New Research Says Sharing Voluntarily Makes Young Children Happy
As with most things in life, it's nicer to share when it's our choice.
Good news, parents: Your kids actually enjoy sharing toys with their friends…provided you aren’t forcing them to do it. New research suggests that when preschool-age children share voluntarily with their peers, it actually makes them happy. Just more proof that kids are too pure for this world.
The research comes out of Tsinghua University in Beijing, where researchers examined a group of 3- and 5-year-old preschoolers in China. The researchers studied the children’s facial expressions for signs of positivity as a measure of happiness, and found that both age groups expressed greater happiness when they chose to share instead of being asked to do so.
The children were split into two groups: one that shared stickers voluntarily, and another that shared out of obligation. Both the 3- and 5-year-olds shared more of the stickers when they felt they had to share them (as opposed to when the sharing was voluntary). However, both age groups also showed greater signs of happiness when they shared stickers voluntarily.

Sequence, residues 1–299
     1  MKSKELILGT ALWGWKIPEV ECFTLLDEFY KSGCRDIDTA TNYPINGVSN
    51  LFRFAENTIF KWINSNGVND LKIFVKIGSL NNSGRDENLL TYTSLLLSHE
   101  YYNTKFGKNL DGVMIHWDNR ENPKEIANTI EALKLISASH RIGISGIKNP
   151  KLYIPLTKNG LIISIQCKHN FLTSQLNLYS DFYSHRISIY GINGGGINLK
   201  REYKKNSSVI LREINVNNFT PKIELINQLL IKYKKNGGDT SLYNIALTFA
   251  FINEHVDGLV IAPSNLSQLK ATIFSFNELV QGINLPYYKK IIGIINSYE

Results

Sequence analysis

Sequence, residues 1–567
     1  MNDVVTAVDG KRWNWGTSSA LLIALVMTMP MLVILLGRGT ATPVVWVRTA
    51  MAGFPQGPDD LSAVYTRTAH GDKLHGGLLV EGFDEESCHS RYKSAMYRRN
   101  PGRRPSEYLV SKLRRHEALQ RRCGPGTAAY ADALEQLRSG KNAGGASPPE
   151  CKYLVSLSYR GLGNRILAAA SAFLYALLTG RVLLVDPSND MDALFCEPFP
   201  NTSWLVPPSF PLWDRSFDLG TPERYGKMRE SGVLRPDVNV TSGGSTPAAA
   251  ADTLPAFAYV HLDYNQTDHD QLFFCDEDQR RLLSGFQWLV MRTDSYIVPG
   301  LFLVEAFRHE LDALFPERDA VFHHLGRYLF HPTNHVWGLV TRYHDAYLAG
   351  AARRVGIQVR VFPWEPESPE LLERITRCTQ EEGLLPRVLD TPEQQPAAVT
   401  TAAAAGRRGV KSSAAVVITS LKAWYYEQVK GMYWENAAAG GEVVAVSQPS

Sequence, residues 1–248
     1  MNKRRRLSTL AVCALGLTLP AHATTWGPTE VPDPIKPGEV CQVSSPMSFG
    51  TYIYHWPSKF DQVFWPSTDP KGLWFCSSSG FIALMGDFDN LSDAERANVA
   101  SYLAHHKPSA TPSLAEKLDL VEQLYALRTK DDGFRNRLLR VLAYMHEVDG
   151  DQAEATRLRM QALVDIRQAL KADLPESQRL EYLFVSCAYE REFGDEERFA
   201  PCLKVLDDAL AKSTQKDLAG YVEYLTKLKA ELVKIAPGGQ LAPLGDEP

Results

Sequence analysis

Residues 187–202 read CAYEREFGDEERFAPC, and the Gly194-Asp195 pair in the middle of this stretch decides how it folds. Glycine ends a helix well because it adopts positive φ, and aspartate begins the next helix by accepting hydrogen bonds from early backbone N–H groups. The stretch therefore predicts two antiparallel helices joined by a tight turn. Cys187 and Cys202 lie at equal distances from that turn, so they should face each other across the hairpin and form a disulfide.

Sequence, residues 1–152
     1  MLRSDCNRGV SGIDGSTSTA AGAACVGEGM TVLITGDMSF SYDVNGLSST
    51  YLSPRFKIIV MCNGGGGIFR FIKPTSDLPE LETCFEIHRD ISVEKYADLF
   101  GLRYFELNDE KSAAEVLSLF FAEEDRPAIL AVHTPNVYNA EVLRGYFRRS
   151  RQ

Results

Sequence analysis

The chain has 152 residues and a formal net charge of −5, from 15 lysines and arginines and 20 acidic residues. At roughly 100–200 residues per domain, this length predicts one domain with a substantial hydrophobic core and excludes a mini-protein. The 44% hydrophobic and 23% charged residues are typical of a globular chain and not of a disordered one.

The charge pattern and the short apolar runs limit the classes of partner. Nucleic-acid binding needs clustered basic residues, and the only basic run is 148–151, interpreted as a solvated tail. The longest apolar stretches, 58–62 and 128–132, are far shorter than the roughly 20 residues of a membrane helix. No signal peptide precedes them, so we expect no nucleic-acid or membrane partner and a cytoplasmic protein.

“So, it seems that the motivation to give does count,” said study author Dr. Zhen Wu in a press release, “and it also suggests that it is unrealistic to expect a very young child to share under pressure and be happy about it!”
These results will be valuable to the parents of toddlers, as well as for preschool and elementary education teachers, in formulating class norms that will help children grow and become thoughtful in their relationships with their peers.
To be fair, however, Dr. Wu mentioned that it might not all be altruism.
“For instance, it is difficult to entirely rule out the influence of social norms even in the voluntary giving mode,” Wu said. “The giver might have felt pressure to give even when told they were not obliged to.”
Regardless, this is interesting research in whether or not generosity leads to happiness…and wouldn’t it be nice if it were true?